Meanwhile on the Azov, “a green beam of light” from a Russian Coast Guart boat illuminated boats of Ukraine’s State Border Service in Mariupol on two nights after sunset last week, reports Ukraine’s Joint Forces Operation. No injuries or material damages were reported. Separately, Russian officials impounded in Yeysk the Lizori, a vessel homeported in Ukraine’s Mariupol. Russian authorities deported the crew back to Mariupol, 100 km by water.
This summer’s Russia-Ukraine naval shadowboxing will not spiral out of control, predicts Leonid Bershidsky in a Bloomberg Opinion piece, “The Seas Are Unsafe in a Transactional World.” He writes: “Russia, for its part, can’t start an all-out war with Ukraine over a tanker built-in 1989. The costs would clearly outweigh the benefits; besides, just to be on the safe side, Ukraine has let the crew go after treating it with the utmost politeness. Russia only threatened “consequences” if its sailors are held, hostage.”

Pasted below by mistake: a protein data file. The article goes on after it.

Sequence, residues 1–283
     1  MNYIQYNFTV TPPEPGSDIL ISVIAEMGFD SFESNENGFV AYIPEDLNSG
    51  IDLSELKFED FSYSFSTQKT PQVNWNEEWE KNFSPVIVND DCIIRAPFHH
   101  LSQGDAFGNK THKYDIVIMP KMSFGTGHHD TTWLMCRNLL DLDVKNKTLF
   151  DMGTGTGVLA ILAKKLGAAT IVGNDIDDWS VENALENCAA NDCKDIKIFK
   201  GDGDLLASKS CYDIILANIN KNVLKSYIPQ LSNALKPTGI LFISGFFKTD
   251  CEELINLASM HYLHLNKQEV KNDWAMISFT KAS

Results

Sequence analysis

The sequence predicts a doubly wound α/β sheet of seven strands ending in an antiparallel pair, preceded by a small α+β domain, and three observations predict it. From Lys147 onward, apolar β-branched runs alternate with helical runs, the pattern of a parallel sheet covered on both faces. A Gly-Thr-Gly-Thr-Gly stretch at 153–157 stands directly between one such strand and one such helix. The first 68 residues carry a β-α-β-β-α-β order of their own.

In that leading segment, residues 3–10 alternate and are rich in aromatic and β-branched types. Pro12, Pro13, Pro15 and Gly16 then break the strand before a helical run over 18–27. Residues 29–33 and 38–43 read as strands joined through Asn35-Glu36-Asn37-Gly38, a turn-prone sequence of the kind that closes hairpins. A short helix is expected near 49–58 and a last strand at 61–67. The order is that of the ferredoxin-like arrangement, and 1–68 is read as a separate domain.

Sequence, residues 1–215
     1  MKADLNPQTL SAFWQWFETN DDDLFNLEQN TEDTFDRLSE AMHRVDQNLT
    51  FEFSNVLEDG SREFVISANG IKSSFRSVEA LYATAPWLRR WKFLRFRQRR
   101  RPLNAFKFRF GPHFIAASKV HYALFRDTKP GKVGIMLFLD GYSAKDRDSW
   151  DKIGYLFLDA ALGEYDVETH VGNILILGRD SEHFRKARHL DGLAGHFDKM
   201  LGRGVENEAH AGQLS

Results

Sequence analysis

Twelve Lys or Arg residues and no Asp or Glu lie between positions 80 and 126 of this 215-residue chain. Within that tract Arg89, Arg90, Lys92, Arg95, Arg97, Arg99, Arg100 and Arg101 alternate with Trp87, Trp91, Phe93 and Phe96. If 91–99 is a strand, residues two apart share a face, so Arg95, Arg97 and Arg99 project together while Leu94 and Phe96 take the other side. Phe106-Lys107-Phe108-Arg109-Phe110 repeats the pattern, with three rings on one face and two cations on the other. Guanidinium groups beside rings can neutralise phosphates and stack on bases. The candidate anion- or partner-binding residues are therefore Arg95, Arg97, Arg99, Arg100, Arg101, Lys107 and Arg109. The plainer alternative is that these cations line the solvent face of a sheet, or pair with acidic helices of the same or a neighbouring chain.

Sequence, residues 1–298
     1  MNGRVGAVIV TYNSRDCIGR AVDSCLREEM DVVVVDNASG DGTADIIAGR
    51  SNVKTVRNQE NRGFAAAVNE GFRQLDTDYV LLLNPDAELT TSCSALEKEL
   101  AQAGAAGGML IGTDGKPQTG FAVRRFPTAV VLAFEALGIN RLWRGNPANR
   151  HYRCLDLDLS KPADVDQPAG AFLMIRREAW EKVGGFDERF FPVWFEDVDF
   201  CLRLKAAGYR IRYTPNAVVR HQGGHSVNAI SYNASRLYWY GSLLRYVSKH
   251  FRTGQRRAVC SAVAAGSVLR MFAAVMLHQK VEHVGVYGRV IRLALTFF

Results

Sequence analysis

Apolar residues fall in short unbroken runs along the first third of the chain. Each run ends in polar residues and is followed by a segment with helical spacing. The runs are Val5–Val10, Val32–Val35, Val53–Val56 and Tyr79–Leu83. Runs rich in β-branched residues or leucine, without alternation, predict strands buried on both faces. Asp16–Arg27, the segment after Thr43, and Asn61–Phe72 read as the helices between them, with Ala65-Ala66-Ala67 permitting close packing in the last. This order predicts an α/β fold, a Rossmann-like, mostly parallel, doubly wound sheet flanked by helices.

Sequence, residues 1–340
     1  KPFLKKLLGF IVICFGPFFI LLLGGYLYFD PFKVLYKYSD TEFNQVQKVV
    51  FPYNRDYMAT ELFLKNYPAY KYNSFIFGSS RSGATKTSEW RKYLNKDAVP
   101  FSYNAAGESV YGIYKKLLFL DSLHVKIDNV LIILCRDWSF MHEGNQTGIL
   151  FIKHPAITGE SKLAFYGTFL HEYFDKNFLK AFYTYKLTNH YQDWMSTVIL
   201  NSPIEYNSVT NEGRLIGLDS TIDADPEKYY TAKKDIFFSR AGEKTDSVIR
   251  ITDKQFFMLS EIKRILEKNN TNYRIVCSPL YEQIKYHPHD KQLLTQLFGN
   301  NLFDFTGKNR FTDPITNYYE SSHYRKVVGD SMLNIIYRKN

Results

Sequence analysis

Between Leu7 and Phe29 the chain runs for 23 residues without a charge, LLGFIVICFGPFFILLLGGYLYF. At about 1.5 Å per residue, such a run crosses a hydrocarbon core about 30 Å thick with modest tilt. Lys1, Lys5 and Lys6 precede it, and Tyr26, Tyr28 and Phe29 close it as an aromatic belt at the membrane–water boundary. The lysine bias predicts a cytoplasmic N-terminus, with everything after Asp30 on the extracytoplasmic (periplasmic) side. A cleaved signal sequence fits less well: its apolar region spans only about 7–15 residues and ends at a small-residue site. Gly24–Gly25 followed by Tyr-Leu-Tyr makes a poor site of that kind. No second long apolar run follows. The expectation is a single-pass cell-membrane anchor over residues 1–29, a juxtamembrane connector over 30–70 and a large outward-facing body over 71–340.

US company Trident Acquisitions has won the competition for a 50-year contract to explore and produce oil and gas from Ukraine’s offshore Dolphin block, nearly 10,000 square kilometers in the northwest corner of the Black Sea’s continental shelf. One year ago, Trident raised $201 million in an IPO on the NASDAQ. The CEO is Ilya Ponomarev, a former Russia Duma Deputy. In the 1990s, he worked at Yukos and Schlumberger. In May, he received Ukrainian citizenship. One contender for the production sharing agreement, Azerbaijan’s Caspian Drilling Company, withdrew its application under pressure from Russia, says Igor Nasalik, Ukraine’s Energy Minister. Trident offered to invest $200 million in the Dolphin block for the first five years — 3.5 times the minimum set by the competition — and to drill at least seven exploratory wells.